Practice, Practice, Practice

School pic front

Okay, here goes. I did say I would give a description of the orientation program at The New School for Music Study obtained through research in the last few years prior to 2000. At that time, the school offered both a Master’s degree and “Certificate of Professional Achievement.”

 

Graduate students did not begin teaching until they had completed basic training.The orientation program was scheduled immediately after Labor Day, three weeks before the piano department opened. First-year graduate students were required to attend all sessions. Second-year students attended at least six classes in addition to helping faculty advisors with orientation activities. By taking part in the orientation program again, graduate students who had already been through the program could assist in the training of new student teachers, a cycle of training that was repeated year after year.

 

Frances Clark’s teaching philosophies were discussed as graduate students became acquainted with the school’s teaching methods. Then as now, the faculty at The New School believed that everyone can learn how to play the piano. In Miss Clark’s own words: “There is music in every child.”  The potential of each piano student can be realized if the student develops as a complete and well-rounded musician from the first lesson. This involves an ability to communicate the meaning of the music that comes from a secure understanding of notation and form, a strong sense of rhythm, and control of technique.  For students to accomplish what they are capable of achieving, they also need to feel comfortable in the lesson. To build self-confidence, teachers should praise students when praise is earned. Each lesson should begin and end with success.

 

Besides believing in the rewards of a well-rounded approach and positive reinforcement, the faculty guaranteed that piano students will succeed if they experience what needs to be learned. The sound-feel-sign-name sequence affords the best opportunity for success because students learn the symbolism for new concepts after they have already experienced these concepts in preparatory activities that progress from ear and hand to eye. Completing all three steps of the learning process is also fundamental in teaching. Although the Clark method structures preparation, presentation, and follow-through of new concepts so the teacher does not have to do this, graduate students were told to reinforce each step as much as possible.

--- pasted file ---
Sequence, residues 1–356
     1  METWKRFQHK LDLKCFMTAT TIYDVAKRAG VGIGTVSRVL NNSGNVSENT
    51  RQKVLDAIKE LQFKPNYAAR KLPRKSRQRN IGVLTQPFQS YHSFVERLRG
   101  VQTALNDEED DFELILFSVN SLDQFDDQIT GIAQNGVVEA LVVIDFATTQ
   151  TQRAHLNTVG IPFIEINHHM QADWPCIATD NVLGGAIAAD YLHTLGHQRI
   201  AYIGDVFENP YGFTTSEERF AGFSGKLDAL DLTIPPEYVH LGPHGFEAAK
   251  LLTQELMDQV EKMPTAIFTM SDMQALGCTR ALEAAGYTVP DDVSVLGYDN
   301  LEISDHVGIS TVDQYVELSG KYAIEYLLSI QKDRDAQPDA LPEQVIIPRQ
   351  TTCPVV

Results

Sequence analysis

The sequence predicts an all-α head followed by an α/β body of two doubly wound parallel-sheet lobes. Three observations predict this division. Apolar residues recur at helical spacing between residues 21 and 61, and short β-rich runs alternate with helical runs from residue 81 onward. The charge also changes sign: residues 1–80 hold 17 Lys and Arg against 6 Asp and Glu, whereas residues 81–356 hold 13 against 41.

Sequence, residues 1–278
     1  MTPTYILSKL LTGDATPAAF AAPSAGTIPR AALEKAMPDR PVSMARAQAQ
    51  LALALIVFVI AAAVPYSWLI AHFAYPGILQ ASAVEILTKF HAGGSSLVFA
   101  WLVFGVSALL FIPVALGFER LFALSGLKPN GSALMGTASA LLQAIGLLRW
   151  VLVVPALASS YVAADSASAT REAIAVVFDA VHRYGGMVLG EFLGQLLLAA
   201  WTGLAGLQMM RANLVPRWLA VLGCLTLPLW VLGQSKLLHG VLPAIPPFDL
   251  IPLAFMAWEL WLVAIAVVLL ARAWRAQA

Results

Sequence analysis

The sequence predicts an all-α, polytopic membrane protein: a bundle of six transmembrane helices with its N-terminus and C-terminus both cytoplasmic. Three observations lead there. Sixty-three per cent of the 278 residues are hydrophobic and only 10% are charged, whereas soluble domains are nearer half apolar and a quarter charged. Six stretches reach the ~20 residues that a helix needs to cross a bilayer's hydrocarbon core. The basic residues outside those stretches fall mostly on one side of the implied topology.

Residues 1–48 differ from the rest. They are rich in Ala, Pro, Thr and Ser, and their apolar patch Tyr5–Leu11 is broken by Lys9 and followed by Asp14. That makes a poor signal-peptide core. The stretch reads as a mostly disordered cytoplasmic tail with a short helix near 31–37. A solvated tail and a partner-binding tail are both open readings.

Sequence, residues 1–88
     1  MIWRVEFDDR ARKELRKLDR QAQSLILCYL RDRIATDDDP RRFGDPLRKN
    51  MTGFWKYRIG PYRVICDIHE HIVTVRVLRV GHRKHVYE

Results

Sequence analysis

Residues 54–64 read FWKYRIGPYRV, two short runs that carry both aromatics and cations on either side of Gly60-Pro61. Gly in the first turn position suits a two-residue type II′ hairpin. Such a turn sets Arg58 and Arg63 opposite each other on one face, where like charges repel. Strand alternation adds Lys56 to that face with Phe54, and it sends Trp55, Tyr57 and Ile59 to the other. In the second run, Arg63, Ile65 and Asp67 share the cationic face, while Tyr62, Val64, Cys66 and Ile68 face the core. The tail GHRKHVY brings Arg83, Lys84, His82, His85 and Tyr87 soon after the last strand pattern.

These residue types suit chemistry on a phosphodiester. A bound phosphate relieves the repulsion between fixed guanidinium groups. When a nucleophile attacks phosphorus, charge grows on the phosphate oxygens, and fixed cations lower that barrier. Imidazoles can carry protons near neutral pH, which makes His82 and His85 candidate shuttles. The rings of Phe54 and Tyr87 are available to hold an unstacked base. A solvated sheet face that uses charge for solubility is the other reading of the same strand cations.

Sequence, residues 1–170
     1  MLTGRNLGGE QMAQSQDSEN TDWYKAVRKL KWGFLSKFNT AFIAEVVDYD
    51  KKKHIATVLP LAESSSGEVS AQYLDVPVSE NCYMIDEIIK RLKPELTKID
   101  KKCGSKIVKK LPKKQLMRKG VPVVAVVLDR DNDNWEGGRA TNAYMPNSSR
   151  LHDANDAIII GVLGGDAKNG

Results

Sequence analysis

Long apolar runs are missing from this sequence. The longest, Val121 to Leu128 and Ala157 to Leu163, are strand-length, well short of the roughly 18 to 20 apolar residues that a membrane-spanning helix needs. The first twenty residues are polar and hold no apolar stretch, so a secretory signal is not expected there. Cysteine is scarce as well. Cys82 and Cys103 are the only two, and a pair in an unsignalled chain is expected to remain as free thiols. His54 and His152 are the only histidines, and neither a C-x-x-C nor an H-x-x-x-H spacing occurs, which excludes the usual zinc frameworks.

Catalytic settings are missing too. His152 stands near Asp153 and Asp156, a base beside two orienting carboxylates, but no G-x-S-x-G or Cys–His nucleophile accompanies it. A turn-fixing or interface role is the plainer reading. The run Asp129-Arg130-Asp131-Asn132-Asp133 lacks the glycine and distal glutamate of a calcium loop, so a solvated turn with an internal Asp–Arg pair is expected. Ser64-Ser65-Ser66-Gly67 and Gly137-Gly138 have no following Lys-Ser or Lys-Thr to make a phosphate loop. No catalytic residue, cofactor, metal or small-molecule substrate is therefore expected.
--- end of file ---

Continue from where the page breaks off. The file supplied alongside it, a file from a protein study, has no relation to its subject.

Throughout the course of their training, graduate students were reminded that the teacher must never do anything for their piano students because it is so important that students learn by doing.  Asking questions in lieu of telling students the answers is always the better approach since students have to understand how they are learning before they are able to work by themselves. Eventually, Frances Clark’s method of teaching piano students to be self-reliant makes the teacher dispensable.  If a student fails to learn, it is because the teacher has failed to guide his or her development as a self-motivated learner.

 

In preparation for teaching The Music Tree, graduate students filled out a series of charts, identifying new discoveries in every unit of the lesson books, and the Educational Director provided an analysis of course structure. The workbooks were also examined.  As the faculty suggested special teaching techniques, graduate students practiced many of these new techniques. For example, they performed the rhythm studies in the Clark course to learn how to demonstrate the exercises. To experience how to demonstrate technic, they played the warm-ups and selected repertoire from each lesson book with correct hand and arm movement. An overview of the intermediate course followed this detailed analysis of The Music Tree. A thorough study of the intermediate series was completed in pedagogy classes.

 

Faculty advisors demonstrated effective presentation of new concepts in lessons with pupils who were registered in the school’s piano department. Following observation, graduate students were asked to describe the learning process: e.g. “List the steps completed in rhythm preparation.” They then practiced suggested teaching techniques in lessons with each other, and the faculty pointed out what needed to be improved. The same format was repeated as every lesson book in The Music Tree was examined; after activities were discussed and rehearsed, presentation was demonstrated, and teaching was practiced.

 

During the orientation session, graduate students performed the repertoire they would be teaching in ensemble classes supervised by Phyllis Lehrer, artist faculty member. Ensemble procedure was rehearsed—hands “float up” to the keys, eye contact is made, an upbeat is indicated with a breath, and hands “float down.” A Music Tree recital was held on the last day of orientation. The recital was videotaped for later discussion and review.

 

I plan to finish this overview of the orientation program in my next blog. I will begin by giving examples of other preparatory activities that graduate students practiced in their initial training. In addition, I will focus on what they needed to do in order to teach new music with ease and efficiency.

 

As you can see, my blogs are not brief because there is a vast amount of information to reveal. I am trying to describe the art of teaching students how to learn by following a step-by-step approach. Frances Clark and Louise Goss did assert that artistry can be attained, but only if teaching is practiced often and well.

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